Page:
The positives of not having employer dues deduction are that the employer doesn’t know the number of union members or who the union members are, which is key information that can harm the union. Moreover, pre-majority unions have to stay in regular contact with workers and be very responsive to their concerns, which facilitates organizing. When convincing their coworkers to pay dues, pre-majority union members use many of the same tactics that workers in traditional union campaigns use.
A parent union may assign outside organizing staff to assist the pre-majority union during its growth. There is a danger that these organizers, and other staff throughout the parent union, may feel that the pre-majority union is not making enough progress, or is not developing into a “real” union. It’s critical that the parent union have realistic expectations about what can be achieved in the short term and understand the ultimate goal of a sustainable union that can be achieved over time.
Because pre-majority unionism is generally less staff-centric and more member-driven than traditional unionism, a union staffer being out of touch with the membership may end up having less of a negative impact on the union overall.
During the establishment and early growth phase of the pre-majority union, it often needs heavy resource assistance from the parent union (or a committed, well coordinated volunteer organizer network). There has to be enough patience for a multi-year campaign before the union is established enough to run on its own with the dues it collects from its members. If there is no parent union formally assisting this effort, the workers should recognize that it may take even longer before it’s strong enough to win significant victories. Workers should be prepared to develop and grow the union over many years.
Successfully getting off the ground to the point where workers are winning wide-reaching victories means the union has been built in a true grassroots way, from the bottom-up.
As in all union organizing, there comes a time when the workers have to decide whether to remain underground or go public. In traditional union organizing the path is clear: workers usually stay underground until they have signed up over 30% of the workforce (though best practice is to wait for 60% to 70%) to announce their support for forming a union. In pre-majority organizing, with fewer built-in benchmarks, the decision is a more dynamic one and must be based on a sober assessment of where the union’s strongest support is and how management is likely to respond. If support for the union is very weak, management may not feel enough pressure and may wave away the union as a few pesky workers.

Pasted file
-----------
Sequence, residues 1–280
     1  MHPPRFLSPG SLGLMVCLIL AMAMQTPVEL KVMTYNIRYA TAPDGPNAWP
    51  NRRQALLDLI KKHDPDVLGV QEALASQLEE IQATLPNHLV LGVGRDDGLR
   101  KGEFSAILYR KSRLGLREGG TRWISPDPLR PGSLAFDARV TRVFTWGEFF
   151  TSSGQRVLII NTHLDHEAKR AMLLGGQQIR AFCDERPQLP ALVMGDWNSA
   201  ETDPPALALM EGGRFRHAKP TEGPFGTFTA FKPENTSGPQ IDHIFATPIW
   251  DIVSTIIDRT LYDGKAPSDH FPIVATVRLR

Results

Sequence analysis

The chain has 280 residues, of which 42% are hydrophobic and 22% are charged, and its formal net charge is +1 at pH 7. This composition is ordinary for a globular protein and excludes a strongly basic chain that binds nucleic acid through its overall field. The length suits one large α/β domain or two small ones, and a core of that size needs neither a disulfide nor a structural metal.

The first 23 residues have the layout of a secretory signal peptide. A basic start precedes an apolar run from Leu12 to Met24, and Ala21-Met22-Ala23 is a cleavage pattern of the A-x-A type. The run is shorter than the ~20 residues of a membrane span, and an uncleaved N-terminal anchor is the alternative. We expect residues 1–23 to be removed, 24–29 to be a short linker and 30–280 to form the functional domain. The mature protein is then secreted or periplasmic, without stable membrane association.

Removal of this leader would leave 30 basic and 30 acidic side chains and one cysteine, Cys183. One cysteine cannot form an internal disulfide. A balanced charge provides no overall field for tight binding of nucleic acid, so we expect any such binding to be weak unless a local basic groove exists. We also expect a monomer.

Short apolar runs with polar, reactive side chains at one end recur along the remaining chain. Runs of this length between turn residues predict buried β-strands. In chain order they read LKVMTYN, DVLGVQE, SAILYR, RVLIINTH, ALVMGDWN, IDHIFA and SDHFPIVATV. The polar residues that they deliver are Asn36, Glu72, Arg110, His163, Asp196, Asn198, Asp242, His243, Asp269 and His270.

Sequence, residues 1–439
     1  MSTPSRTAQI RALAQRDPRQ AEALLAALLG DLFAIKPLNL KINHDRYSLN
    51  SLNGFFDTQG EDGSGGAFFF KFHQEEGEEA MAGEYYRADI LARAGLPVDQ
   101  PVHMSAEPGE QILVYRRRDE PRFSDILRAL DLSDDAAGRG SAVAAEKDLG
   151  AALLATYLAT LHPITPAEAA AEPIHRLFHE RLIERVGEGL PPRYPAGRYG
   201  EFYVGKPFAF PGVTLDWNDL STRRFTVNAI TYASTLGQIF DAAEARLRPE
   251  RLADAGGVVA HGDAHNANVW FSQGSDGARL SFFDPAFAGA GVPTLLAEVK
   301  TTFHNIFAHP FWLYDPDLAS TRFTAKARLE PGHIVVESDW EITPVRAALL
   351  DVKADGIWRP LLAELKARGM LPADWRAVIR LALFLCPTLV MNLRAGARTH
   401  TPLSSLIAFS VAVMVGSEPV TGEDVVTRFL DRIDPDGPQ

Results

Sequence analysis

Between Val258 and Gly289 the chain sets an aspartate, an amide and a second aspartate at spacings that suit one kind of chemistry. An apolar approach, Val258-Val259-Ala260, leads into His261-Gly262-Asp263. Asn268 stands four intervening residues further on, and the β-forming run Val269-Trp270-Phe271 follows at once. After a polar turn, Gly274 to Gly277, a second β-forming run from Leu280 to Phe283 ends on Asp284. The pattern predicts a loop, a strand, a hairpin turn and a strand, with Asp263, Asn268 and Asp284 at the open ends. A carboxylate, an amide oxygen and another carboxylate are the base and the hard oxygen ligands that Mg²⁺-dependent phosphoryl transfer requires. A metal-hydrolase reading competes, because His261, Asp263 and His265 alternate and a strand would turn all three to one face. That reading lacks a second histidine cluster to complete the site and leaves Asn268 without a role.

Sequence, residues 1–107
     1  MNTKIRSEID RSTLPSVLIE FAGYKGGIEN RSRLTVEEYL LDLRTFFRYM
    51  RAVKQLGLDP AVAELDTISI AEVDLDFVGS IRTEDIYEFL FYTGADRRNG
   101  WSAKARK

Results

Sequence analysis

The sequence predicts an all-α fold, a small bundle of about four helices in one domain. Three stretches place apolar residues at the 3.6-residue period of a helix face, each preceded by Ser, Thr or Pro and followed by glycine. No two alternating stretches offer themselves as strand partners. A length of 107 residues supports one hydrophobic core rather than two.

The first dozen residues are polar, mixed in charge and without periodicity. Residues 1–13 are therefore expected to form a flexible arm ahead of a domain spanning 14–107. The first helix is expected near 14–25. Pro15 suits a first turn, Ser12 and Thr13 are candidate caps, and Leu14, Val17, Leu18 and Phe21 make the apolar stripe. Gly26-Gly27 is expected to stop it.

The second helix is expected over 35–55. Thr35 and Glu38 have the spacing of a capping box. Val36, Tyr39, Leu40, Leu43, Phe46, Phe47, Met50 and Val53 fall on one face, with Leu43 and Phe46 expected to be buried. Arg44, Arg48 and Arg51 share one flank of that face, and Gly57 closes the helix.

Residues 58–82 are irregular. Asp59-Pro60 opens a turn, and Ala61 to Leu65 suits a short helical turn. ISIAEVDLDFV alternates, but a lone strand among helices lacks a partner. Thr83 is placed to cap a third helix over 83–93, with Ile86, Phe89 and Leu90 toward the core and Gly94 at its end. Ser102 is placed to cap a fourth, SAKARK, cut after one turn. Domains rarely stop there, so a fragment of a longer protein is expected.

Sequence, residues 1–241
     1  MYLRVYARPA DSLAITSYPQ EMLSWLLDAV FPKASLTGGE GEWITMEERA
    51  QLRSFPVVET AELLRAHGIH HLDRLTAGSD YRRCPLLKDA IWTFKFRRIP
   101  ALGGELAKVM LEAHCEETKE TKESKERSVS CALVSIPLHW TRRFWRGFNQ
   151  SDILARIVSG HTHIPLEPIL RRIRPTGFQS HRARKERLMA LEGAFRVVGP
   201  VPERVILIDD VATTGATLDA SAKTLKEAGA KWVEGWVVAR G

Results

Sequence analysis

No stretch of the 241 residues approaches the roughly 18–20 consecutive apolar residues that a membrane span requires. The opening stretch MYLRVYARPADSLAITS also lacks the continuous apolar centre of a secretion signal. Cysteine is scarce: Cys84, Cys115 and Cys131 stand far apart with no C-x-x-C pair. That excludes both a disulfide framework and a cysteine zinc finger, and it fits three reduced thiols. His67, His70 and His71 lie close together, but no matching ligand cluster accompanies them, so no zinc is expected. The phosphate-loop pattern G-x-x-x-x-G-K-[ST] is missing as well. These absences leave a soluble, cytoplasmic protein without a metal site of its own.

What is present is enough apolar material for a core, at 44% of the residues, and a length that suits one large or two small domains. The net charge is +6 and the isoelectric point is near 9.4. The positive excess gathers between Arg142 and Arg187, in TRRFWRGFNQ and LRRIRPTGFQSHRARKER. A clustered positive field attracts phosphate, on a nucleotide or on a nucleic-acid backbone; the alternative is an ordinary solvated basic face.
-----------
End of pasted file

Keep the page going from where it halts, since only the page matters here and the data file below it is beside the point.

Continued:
But if the union is strong enough to pose a threat but not strong enough to force management’s hand, management may introduce a slower, more savvy, and less antagonistic version of union busting. For example, they may let the union continue to organize all while offering individual promotions to garner favor, encourage workers to spy on one another, or create workplace improvement committees to co-opt the union efforts. In these cases, the union can become what former UE officer Ed Bruno describes as the “canary in the coal mine” or an “adjunct to HR,” indicating to the boss where the problems are so they can fix them before the union can start agitating effectively. It’s what CWA’s Katie Romich calls “organizing the bosses before organizing the workers.”
If the union is in this position but its support base is unshakeable, inoculation and savvy responses can be enough to maintain or even gain support at this stage. Given the slow initial build in pre-majority unionism, these calculations about when to go public always require careful strategy and must be rooted in the reality of the workplace dynamics. For pre-majority unionism, the union has the flexibility to go public at any time, and doesn’t have to worry about timing it to an NLRB election filing.
In traditional organizing, workers can opt to organize within a job classification that the union assesses has the best chance of winning. For example, organizing might happen among production workers at a factory if those workers are assessed as very pro-union, but won’t have to encompass the clerical workers in the same factory if those workers are assessed as anti-union. Organizing within one job classification can be easier because you need to identify only a small number of workplace issues that the majority of workers will share. This usually makes the organizing quicker and more powerful from the start.